My lease is up for renewal in July, as well as my insurance, so I have a lot of thinking to do at this point. I have a retail storefront that I open 3 days a week to sell baked goods like cupcakes, baked donuts and cookies. It is really convenient for me to bring the decorated cakes with me for people to pick up at the store. The sale of the everyday baked items really pays my bills because the decorated cakes, although lucrative, can be up and down depending on the season, holidays, etc.

I am really bummed at this law passing though because I am already seeing people selling off their Facebook pages in anticipation of the law going into effect so soon. And from what I have seen they are not paying very good attention either because the first person I ran across was selling cream cheese frosted cupcakes out of her living room and the law states those are perishable and restricted.

Also a local business owner got the great idea to open up her busy playland store to Saturday garage sales where you purchase a table for $15 and you can sell your used stuff. She is encouraging everyone to sell baked goods as well. She is advertising in the community asking what they want to see sold there and even stopped in my store recently asking me what sells best in my bakery. I know she is just trying to be friendly, but sheesh--she is cutting into my customer base here!

The 2nd saturday she was open I saw 1/2 the traffic I usually do and had a lot of waste that day.

Nobody in town can decorate cakes like me, and that has always been my niche, but I do not see how I can make this fly with the inconsistent income just from the decorated cakes.

Thanks again everyone.

Apti Posted 4 Jun 2012 , 3:56am

I wish you well.

scp1127 Posted 4 Jun 2012 , 4:13am

Definition of commercial: engaged in commerce. This would mean that all operating under CFL would be in that category, not a private home situation. And just like any debate, people find a statistic to support the cause, not to de-bunk it.

Plus, like Jason said, people don't report "grandma" for a food related illness.

Again, CFL wreaks havoc on the eco-system, meaning economic (pun intended). It goes against everything that makes business fair. If you stay on CC long enough, you will see the total lack of business skills of many who call themselves a business. This is because they are either operating under CFL or illegally. The numbers they put out in the market are so far off that it skews the supply/demand, cost/revenue, and prifitability/unprofitable numbers of everyone in the industry.

Look at how many times we see ridiculous number from people here on CC. Even if it's a generic box mix with shortening frosting and fake vanilla, there is no way that person can cover true business expenses. If a license of several hundred a year and a build-out of a decent kitchen were invested, the person who makes that investment is more likely to have educated themselves on basic business issues and has at least some understanding of COGS.

Also, it is a proven fact, given by the IRS Criminal Fraud Division, that these tiny home businesses are the highest group of "businesses" with unreported income. So that CFL license just breeds more tax evaders. I'm not saying this is intentional, but most don't keep records and many just don't have it when the due date comes. With no requirement to be licensed, the state doesn't even have the recourse of not renewing a license for unpaid taxes. And sales tax... what about that? There's another thing that inexperienced home busionesses with no business knowledge just don't bother doing. In most states, there is a tax on delivery even if there is no tax on unpackaged food.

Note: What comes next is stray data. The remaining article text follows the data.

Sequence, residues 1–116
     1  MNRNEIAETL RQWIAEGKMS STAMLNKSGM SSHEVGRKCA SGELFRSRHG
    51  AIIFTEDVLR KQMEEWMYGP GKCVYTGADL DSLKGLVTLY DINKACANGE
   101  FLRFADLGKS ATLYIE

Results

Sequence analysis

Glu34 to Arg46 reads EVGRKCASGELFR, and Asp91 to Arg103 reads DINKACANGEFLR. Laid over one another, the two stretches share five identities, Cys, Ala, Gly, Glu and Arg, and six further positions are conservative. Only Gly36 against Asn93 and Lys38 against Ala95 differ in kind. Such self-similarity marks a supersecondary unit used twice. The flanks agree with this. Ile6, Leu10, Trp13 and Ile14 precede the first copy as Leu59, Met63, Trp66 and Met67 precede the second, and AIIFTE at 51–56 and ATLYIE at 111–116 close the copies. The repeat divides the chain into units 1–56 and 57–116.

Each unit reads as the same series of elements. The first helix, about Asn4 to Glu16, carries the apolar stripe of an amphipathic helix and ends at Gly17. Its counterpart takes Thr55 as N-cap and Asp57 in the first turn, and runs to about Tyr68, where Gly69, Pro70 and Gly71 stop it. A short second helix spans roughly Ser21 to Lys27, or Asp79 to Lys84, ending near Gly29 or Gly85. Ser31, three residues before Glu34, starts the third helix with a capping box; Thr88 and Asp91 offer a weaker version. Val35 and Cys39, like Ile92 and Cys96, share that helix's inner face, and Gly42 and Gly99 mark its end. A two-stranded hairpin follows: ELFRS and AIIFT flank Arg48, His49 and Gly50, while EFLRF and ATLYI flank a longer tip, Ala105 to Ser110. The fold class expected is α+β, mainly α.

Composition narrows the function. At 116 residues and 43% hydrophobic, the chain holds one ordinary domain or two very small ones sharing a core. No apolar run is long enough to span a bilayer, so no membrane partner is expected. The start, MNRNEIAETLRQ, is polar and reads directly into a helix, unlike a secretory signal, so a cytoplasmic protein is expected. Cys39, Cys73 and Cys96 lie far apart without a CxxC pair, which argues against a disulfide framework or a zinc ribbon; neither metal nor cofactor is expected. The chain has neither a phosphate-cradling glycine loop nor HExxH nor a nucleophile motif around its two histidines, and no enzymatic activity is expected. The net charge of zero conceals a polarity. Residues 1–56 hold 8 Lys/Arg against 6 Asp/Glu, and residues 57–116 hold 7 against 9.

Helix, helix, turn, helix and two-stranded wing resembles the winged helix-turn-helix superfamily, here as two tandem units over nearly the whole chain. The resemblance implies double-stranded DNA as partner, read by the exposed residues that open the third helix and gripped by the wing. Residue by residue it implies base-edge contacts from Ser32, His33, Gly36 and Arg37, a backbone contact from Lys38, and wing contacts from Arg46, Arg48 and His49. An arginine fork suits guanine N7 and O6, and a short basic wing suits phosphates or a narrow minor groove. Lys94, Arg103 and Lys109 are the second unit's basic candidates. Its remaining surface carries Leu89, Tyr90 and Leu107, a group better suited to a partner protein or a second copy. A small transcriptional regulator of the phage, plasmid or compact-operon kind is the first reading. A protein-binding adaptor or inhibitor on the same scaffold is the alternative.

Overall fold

Anything that upsets the economic climate in any industry will have an effect, so as I stated earlier, you just need to focus on your business being something that the CFL's can't do.

I like what costumeczar stated. Many people will not like the fact that these merchants are still basically unlicensed and more important, uninspected. A good explanation on your website will open the eyes of consumers and prompt them to ask potential bakers about licensing and inspections.

I can be considered a home baker, but with a 1200sf bakery, my little home kitchen is bigger than most retail. The sky is the limit with a full license. I can even cater.

Look at this as an opportunity to re-think your business plan and you will probably end up with a better, more profitable business because you had to re-arrange a little.

I used to own a marketing company for small businesses and I double majored in accounting and economics. I have also owned three very successful start-up businesses. If anyone in this CFL predicament, again, which I oppose on economic grounds, I will be happy to give some help in a pm.

The good news, again, like costumeczar stated, is that the CFL proprietors will saturate their own market and eventually, only the "fittest" will survive.

And please don't get me wrong. If CFL is legal in your area, you should take advantage of the opportunity. I oppose the form of business, not the people who are lucky enough to take advantage.

jason_kraft Posted 4 Jun 2012 , 5:12am
Quote:
Originally Posted by Amberwaves

Nobody in town can decorate cakes like me, and that has always been my niche, but I do not see how I can make this fly with the inconsistent income just from the decorated cakes.